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J Hum Nutr Diet. 2017 Dec;30(6):759-770. doi: 10.1111/jhn.12496. Epub 2017 Jul 26.

Breastfeeding as a public health responsibility: a review of the evidence.

Author information

1
Department of Public Health, Policy and Social Sciences, Swansea University, Swansea, UK.

Abstract

BACKGROUND:

Although intention to breastfeed in Western culture is high, many women stop breastfeeding before they are ready. From a physiological perspective, rates of primary milk insufficiency or contraindications to breastfeed should be low. However, numerous women encounter numerous barriers to breastfeeding, many of which occur at the social, cultural and political level and are therefore outside of maternal control. This review identifies and examines the impact of these barriers and considers how public health services should play a central role in creating a supportive breastfeeding environment.

METHODS:

A narrative review to synthesise themes in the literature was conducted, using Web of Science, PubMed and Science Direct. Barriers to breastfeeding at the societal rather than individual level were identified (e.g. in relation to health services, policies and economic factors). Only English language papers were included.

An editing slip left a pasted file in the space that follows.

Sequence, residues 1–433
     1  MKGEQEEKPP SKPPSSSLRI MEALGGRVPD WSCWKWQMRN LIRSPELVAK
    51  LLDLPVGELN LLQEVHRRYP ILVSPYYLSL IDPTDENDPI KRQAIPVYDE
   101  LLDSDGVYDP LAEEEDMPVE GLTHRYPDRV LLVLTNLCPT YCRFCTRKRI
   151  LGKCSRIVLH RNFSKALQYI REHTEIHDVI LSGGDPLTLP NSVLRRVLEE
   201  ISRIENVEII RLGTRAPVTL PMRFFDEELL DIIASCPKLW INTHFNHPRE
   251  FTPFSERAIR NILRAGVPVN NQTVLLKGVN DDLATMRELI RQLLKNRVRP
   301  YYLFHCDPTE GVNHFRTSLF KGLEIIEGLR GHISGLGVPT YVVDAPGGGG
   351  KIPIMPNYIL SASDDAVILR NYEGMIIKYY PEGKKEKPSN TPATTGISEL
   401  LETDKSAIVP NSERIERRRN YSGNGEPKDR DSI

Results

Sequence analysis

RESULTS:

Many barriers to breastfeeding exist at the societal rather than individual level. These influences are typically outside mothers' control. Five core themes were identified; the need for investment in (i) health services; (ii) population level health promotion; (iii) supporting maternal legal rights; (iv) protection of maternal wellbeing; and (v) reducing the reach of the breast milk substitute industry.

CONCLUSIONS:

Although individual support is important, breastfeeding must be considered a public health issue that requires investment at a societal level. Focusing solely on solving individual issues will not lead to the cultural changes needed to normalise breastfeeding. Countries that have adopted a multicomponent public heath strategy to increase breastfeeding levels have had significant success. These strategies must be emulated more widely.

KEYWORDS:

breastfeeding; formula feeding; infant feeding; public health; society

PMID:
28744924
DOI:
10.1111/jhn.12496
[Indexed for MEDLINE]

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